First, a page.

31 August 2012 14:12 [Source: ICIS news]
By Carl Roache
LONDON (ICIS)--European base oil production margins are being squeezed by firm upstream costs and cuts to operating rates cannot be ruled out, sources said this week.
Group I base oil export prices have started to rise again, but increases have not kept pace with the feedstock movements of recent weeks.
This is raising the possibility of potential production cuts.
“The economics are not great, let’s say,” said a west European producer.
“There was some recovery [of prices], but not enough to make the margins attractive on base oils.”
The producer added that there was always the possibility of reducing base oil production rates for economic reasons.
It is not just producers who say this – several traders and buyers have said production cuts are a real possibility in the current market.
Base oil prices have been on a rollercoaster ride for the past 12 months, falling sharply during the fourth quarter of 2011, before reaching a plateau and then surging in late quarter one and early quarter two of 2012.
Prices then slumped from late quarter two and the weakness continued into quarter three.
However, the latest decline in Group I base oil prices came amid the beginnings of a steady resurgence in crude oil prices, which in turn pushed up the price of vacuum gasoil (VGO) – the primary feedstock for base oils.
Base oil prices are now on the way back up, but are lagging behind the rise that has occurred upstream.
For example, since 31 July solvent neutral (SN) 150 export prices have risen $10-20/tonne, whereas VGO prices have increased $73-87/tonne, according to the latest figures received.
According to market sources, $230-250/tonne over the cost of VGO is considered to be a breakeven cost for European Group I base oils production.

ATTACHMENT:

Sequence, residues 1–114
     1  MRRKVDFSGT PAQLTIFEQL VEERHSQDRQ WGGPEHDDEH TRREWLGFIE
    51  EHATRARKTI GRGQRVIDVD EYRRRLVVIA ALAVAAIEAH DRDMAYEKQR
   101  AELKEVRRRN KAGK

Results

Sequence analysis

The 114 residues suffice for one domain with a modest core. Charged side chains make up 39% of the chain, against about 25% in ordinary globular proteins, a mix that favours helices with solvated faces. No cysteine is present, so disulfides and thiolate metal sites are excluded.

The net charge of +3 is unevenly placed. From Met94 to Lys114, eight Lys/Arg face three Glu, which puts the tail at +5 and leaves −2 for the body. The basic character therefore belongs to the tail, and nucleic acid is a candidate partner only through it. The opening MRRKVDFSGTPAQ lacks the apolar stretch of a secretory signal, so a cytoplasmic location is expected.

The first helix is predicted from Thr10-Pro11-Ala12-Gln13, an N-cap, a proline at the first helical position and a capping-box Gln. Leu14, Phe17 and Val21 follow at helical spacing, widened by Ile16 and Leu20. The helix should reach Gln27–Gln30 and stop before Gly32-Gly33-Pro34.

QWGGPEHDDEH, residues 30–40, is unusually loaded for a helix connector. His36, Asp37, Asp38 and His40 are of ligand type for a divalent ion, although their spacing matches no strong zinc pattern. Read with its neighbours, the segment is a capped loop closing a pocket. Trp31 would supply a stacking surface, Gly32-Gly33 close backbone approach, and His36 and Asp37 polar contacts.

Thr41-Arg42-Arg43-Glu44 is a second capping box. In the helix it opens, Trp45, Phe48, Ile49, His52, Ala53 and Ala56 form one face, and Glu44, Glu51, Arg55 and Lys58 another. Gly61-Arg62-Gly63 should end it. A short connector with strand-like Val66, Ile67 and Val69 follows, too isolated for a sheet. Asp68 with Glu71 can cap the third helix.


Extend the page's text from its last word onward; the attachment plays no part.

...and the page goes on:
This value will vary widely by producer and whether they are integrated up the crude oil chain, but it is considered a good indicator level.
To illustrate the point that margins are being squeezed, the spread between the current SN150 FOB (free on board) Europe export low and VGO is $119-125/tonne.
Accordingly, some producers are losing money on base oil export sales.
“The raw materials [cost] for base oils production is extremely high at the moment and the refinery is under pressure,” said a northwest European producer.
“We will definitely try to increase prices in the coming weeks.”
One reason why production cuts have not yet been widely announced is because many suppliers commit substantial volumes under term contracts or spot sales to their respective domestic markets, for which they can enjoy significantly higher prices than for exports.
As you would expect, many producers are channelling as much base oil as they can into domestic markets because of the better returns available.
However, these domestic markets cannot consume all that is produced in the region.
Another factor that may see base oil output cut is the rising prices of possible alternative fuel products, such as ultra low sulphur diesel (ULSD).
This market has tightened in recent weeks because of reduced arbitrage opportunities from Asia and the US into Europe.
ULSD premiums to ICE gasoil have risen from the low-$30s/tonne at the start of August, to $44–47/tonne currently.
“Next month because of VGO prices, the margins are not very good, even if prices are higher,” said a central European producer.
The most common use for base oils is in lubricating oils for vehicles and industrial machinery. They are also used in process oils such as cosmetics and pharmaceuticals.
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